Ten years ago, when Jessica Plunkett was 10 years old, a diagnosis of type 1 diabetes changed her life forever.
But it wasn’t Jessica who was diagnosed — it was her brother, Daniel, then 7 years old. Still, the changes within the family, both large and small, affected Jess (as her family calls her) almost as much.
“It’s amazing how much the disease completely changed my life in every way. It was the little things that bothered me the most. Danny was read a story first every night because of his testing schedule. At every restaurant meal, we stopped having bread delivered to the table — but I still wanted bread!” she says.
From compromising at meals to facing the fear of a brother or sister being hurt by a deadly disease, the siblings of a child with type 1 diabetes face special circumstances. Recognizing and tending to their related needs are key to their well-being, as well as the health of the family as a whole.
As Kim Higgins, a registered nurse and certified diabetes educator with the Sutter Pacific Medical Foundation in San Francisco, points out, diabetes is a family disease. “It’s very important to have the family on board with diabetes care,” she says, “but it’s also important to incorporate management without taking away from the other child.”
Here are some tips that can help:
A family effort
Getting siblings involved in diabetes care meetings and gatherings like family diabetes camps as early as possible can help foster a feeling of togetherness that benefits all, Higgins says.
“Sibling relationships are the closest relationships a child will ever have. Friends come and go, but brothers and sisters are for life. It’s important to involve siblings in any major event, and certainly having diabetes is a major event,” she says.
Teaching siblings about the disease may also help them cope with their fears. And while they should not be responsible for treatment, let them know their input is welcome, she suggests.
“We gave Jess paper and a pen during meetings with the care team to soothe and include her, so that she felt involved and important to the process,” says her mother, Laura Plunkett, author of a parenting book for families of children with diabetes. “Jess piped up with questions and wrote down the answers. To our surprise, in those first weeks, she often interrupted our adult conversations with really good suggestions and tips from the training sessions,” Plunkett says.
“Most important, because Jess felt included and part of the team, she didn’t resent the time and attention that Dan was getting. She understood the gravity of the situation, and that we all needed to be looking out for him,” she says.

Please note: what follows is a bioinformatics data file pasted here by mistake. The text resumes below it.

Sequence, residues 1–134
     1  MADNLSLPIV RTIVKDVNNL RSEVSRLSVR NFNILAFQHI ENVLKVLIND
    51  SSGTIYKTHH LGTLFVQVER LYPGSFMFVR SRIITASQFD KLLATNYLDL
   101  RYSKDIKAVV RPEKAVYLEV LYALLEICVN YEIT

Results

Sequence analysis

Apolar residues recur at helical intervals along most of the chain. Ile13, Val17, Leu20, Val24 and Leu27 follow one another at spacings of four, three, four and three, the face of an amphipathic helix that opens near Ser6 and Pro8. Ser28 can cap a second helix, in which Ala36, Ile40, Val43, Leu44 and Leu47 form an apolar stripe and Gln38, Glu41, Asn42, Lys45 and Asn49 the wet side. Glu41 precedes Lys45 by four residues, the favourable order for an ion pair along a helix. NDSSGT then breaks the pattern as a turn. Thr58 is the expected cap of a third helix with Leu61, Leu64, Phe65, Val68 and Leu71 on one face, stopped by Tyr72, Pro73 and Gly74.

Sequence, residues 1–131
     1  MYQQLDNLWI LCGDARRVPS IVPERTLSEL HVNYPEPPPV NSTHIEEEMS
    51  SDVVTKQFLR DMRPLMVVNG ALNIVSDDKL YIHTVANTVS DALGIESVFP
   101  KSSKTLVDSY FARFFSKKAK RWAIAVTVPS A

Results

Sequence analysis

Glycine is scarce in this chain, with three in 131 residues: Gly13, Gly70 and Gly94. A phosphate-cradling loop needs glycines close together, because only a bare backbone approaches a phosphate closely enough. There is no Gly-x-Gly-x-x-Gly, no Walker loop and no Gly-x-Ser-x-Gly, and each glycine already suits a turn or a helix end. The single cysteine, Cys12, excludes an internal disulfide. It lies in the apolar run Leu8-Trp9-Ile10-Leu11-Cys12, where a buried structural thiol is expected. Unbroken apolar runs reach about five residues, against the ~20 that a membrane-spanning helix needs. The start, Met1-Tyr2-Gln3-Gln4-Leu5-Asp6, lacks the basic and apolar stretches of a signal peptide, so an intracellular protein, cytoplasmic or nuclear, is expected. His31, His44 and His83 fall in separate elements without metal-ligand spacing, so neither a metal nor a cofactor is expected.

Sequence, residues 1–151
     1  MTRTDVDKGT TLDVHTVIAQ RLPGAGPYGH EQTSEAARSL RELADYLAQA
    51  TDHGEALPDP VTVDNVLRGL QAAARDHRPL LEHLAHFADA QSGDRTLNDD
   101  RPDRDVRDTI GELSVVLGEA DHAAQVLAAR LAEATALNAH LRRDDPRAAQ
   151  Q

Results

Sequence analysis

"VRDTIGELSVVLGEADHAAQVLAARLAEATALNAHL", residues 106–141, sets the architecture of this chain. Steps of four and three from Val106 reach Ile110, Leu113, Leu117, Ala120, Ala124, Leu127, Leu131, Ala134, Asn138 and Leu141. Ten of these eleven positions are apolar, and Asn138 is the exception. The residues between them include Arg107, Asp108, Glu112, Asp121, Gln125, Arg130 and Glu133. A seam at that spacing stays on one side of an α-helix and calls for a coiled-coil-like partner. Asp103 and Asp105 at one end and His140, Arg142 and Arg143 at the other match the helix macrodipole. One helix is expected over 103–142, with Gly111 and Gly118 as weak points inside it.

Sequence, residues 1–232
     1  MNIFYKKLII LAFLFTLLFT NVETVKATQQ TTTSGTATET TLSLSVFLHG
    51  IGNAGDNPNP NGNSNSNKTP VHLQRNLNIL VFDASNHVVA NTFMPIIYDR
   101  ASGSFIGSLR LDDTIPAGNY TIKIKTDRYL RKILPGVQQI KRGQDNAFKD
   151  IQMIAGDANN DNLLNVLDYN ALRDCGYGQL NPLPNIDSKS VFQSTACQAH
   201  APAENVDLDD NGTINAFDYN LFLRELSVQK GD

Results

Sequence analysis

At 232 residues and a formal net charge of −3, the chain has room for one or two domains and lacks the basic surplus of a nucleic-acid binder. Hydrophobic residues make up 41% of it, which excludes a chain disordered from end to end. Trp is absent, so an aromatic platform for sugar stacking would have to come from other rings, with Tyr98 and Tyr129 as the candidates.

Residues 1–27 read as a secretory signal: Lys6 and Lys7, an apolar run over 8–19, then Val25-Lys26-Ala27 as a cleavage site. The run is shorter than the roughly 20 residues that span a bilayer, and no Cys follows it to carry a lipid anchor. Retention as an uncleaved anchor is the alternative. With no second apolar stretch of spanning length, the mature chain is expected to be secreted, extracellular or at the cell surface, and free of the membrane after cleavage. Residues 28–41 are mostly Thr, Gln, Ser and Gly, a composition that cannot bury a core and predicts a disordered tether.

For her part, “I felt that I had contributed, and obviously my parents were very grateful, so it empowered me,” Jess says.
Based on her experience, Jess says parents can try to encourage talking about feelings often, as hers did, to see how siblings are faring and nip potential problems in the bud.
“Remember the little things, like saying, ‘Thank you,’ or ‘I love you,'” she suggests. “And just say, ‘How are you feeling about the diabetes? Is there any way we can make this easier on you? Because we know it’s hard on the whole family.'”
Make one-on-one time
While caring for a child with type 1 diabetes may take the lion’s share of a parent’s attention, particularly right after diagnosis, it’s important to carve out special time for each child, Higgins says.
“My mom would take me away on vacation for a night or two so that we could be alone. Sometimes my dad would take me out for ice cream in the evening,” Jess says.
“It’s important for siblings to feel equal, that they’re both loved unconditionally. For each child to have their own successes in life, we need to make sure as parents and as healthcare providers to really praise both the child and their siblings for any accomplishments,” Higgins says.
In time, siblings may even come to realize that a brother’s or sister’s diabetes has had some positive effect on their own life.
“It definitely influenced my life in a wonderful way, because I am so much more aware of what to eat and how to take care of my health,” Jess says.
The disease has also made her much closer to her brother than she might have been otherwise, she says. “We spend a lot more time together. We’re best friends.”
Disclaimer: The experiences and suggestions recounted in these articles are not intended as medical advice, and they are not necessarily the “typical” experiences of families with a child who has type 1 diabetes. These situations are unique to the families depicted. Families should check with their healthcare professionals regarding the treatment of type 1 diabetes and the frequency of blood glucose monitoring.